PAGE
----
Yellen said most officials expect rates to start rising in 2015 and to finish the year around 1%. “That gives you a feeling for what participants thought would be appropriate given their projections in June,” she said. “What will actually happen clearly is going to depend on the progress the economy makes.”

Yellen seems pleased with the trajectory of the economy; investors seem complacent. She reiterated the Fed’s view that the economy will continue to grow at a moderate pace, and that the Fed is in no hurry to start increasing short-term interest rates.

All in all, Yellen’s testimony didn’t reveal much new. The Fed has been telegraphing this information for some time. The idea is that they can float information, and if the trial balloon gets shot down, they aren’t stuck in actual policy; if the trial balloon is accepted they can slowly implement the policy. It’s called forward guidance, and it seems to be working. The problem with forward guidance is that the Fed doesn’t know the future, and so they keep the guidance a little on the vague side, and then everybody fills in the blanks based upon their own particular bias.

It is earnings season and a couple of the big banks posted today.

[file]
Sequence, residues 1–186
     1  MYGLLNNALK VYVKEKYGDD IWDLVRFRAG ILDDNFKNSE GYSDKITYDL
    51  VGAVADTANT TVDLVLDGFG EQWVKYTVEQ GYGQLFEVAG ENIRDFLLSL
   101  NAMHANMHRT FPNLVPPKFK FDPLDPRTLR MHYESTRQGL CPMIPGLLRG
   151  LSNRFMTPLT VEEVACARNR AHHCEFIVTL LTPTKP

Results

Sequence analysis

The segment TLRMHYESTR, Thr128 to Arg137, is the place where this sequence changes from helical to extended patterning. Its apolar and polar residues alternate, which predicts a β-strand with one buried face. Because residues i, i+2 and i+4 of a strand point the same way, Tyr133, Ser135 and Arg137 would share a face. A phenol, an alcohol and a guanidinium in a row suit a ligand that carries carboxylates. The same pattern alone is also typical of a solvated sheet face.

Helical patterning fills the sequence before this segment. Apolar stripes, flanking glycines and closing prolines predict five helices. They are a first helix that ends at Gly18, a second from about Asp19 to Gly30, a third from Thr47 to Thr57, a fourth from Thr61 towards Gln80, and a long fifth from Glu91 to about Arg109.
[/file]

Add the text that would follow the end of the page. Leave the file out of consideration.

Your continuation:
JPMorgan reported a profit of $6 billion, or $1.46 a share, down from $6.5 billion, or $1.60 a share, a year earlier. Goldman Sachs posted net income of $2.04 billion, compared with year-earlier net income of $1.93 billion. Both banks saw share prices move higher after the reports.

These earnings came during a quarter in which fixed-income trading and mortgage refinancing were weak; so in that regard, the banks performed well. More likely the banks managed earnings expectations.

Johnson & Johnson reported higher-than-expected quarterly results on strong sales of its new hepatitis C drug. J&J said it had earned $4.33 billion, or $1.51 per share, in the second quarter. That compared with $3.83 billion, or $1.33 per share, a year earlier. They also raised guidance for the full year.

Intel posted better than expected Q2 revenue and profit; then they raised their Q3 revenue forecast well ahead of expectations; then they announced they would increase their share repurchase program. Intel posted a profit of $2.8 billion, or 55 cents a share, from a year-earlier profit of $2 billion, or 39 cents a share. Gross margin widened to 64.5%, compared with 59.6% in the first quarter. Intel still makes most of its profits from chips for computers; they’re still trying to get into the mobile market, but this past quarter they made more than a half billion in profits making chips for the internet of things, which is basically the idea that all of our mundane possessions will eventually be connected devices.

A study by the International Data Corporation calculates the internet of things market will grow to $7.1 trillion in the next 5 years. More than 1.9 billion once-inert devices are already connected to the internet, from parking meters to home thermostats, and by 2018 that number will top 9 billion.